The New York Times published a really great chart a couple of years ago that every investor should be familiar with.  They actually got it from Ed Easterling with Crestmont Research.  It demonstrates just how much variation there can be in investment returns depending on what the investing environment looks like over your lifetime.  The chart has apparently been constructed using dividends, average taxes (although the rate is unknown), “average fees” (again unknown) and is adjusted for inflation so these are all real numbers.

This chart shows annualized returns for the S.& P. 500 for every starting year and every ending year since 1920 — nearly 4,000 combinations in all. READ ACROSS THE CHART to see how money invested in a given year performed, depending on when it was withdrawn.
NYT Graph


There are several noteworthy lessons to learn from this chart.  First, in the long run, you would have at least beat inflation by investing in the S&P 500.  Even if you invested at the peaks of the market in The Great Depression, you would have had a positive real return within 20 years (although admittedly that’s still a long time.)

Second, there are three big splotches of red on the chart- the Great Depression, Stagflation in the 1970s, and the 2000s.  Our lost decade is hardly new. The good news is that the dark red splotches don’t go out very far.

Third, there is far more red in the 1970s than there was in the 1930s.  High inflation is a serious foe for an investor.

Fourth, and perhaps most importantly, there just isn’t much green on the chart, especially over long periods of time.  If your investment plan requires 7%+ real returns, you’re probably overly optimistic.  The chart tells me that insofar as the future resembles the past, real long-term returns from US Large Cap stocks should be in the 2-6% range.  Mixing those large cap stocks with assets with lower expected returns like bonds is likely to bring your overall portfolio returns even lower.  Adding some riskier but possibly higher returning assets such as small value stocks or emerging market stocks might increase it somewhat.  My investment plan calls for 5% real returns for my entire portfolio.  After nearly a decade, I’m still trailing that slightly, something around 4.3% last I checked. [Update: I’m over 5% after our recent run.] That’s with a portfolio that has about as many asset classes that are riskier than US large cap stocks as asset classes that are less risky.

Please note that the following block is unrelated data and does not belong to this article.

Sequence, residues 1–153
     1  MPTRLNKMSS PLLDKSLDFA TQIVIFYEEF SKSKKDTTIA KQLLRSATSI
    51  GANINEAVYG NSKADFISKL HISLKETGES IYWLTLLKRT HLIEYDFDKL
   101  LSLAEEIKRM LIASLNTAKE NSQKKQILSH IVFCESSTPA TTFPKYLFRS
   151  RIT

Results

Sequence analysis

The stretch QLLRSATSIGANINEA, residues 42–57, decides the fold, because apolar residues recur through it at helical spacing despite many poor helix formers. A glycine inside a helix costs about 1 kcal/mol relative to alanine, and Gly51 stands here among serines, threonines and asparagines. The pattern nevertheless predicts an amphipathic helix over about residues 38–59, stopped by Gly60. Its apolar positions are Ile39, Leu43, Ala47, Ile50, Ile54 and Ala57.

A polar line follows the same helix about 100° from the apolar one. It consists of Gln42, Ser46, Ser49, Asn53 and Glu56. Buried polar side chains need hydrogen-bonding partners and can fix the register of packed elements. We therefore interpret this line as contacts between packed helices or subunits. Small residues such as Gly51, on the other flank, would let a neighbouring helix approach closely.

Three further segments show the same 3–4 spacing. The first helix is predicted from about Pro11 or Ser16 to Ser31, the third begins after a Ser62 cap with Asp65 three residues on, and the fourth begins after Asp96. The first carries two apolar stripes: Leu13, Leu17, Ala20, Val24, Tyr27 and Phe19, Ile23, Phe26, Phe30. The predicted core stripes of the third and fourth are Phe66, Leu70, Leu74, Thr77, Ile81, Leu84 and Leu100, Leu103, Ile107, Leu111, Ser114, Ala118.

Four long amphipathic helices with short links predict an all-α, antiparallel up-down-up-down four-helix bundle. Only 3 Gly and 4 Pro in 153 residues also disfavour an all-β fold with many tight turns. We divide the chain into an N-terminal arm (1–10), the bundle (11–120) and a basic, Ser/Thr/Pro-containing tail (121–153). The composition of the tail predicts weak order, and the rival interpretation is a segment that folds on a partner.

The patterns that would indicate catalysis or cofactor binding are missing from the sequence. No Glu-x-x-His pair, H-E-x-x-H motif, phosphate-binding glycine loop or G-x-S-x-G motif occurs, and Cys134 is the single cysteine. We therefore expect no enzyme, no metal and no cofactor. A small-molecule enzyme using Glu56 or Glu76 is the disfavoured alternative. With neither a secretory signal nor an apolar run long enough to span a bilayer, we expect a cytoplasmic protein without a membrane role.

Fifth, the market timing that probably matters isn’t something in your control.  If your high earning years (and thus saving years) were in the 1970s, you were just screwed.  You had to either save more or live on less in retirement than those who came a decade before you or a decade after.  If your peak earning years were the 1980s, you had it made in the shade.  If they were, say 1997-2007, then you were hosed.  The unknown variable, of course, is how the chart will look for those of us whose peak earnings years are in the 2010s and 2020s.  I’ll let you know in about 50 years.

Lastly, remember the chart has been adjusted for fees and taxes.  If you can successfully minimize these (something within your control) perhaps you can get a reasonable return even if your peak earning years fall on hard times.  Increasing your return by just 1 or 2% can make a world of difference over the long run.

Comments?  What do you learn by looking at that chart?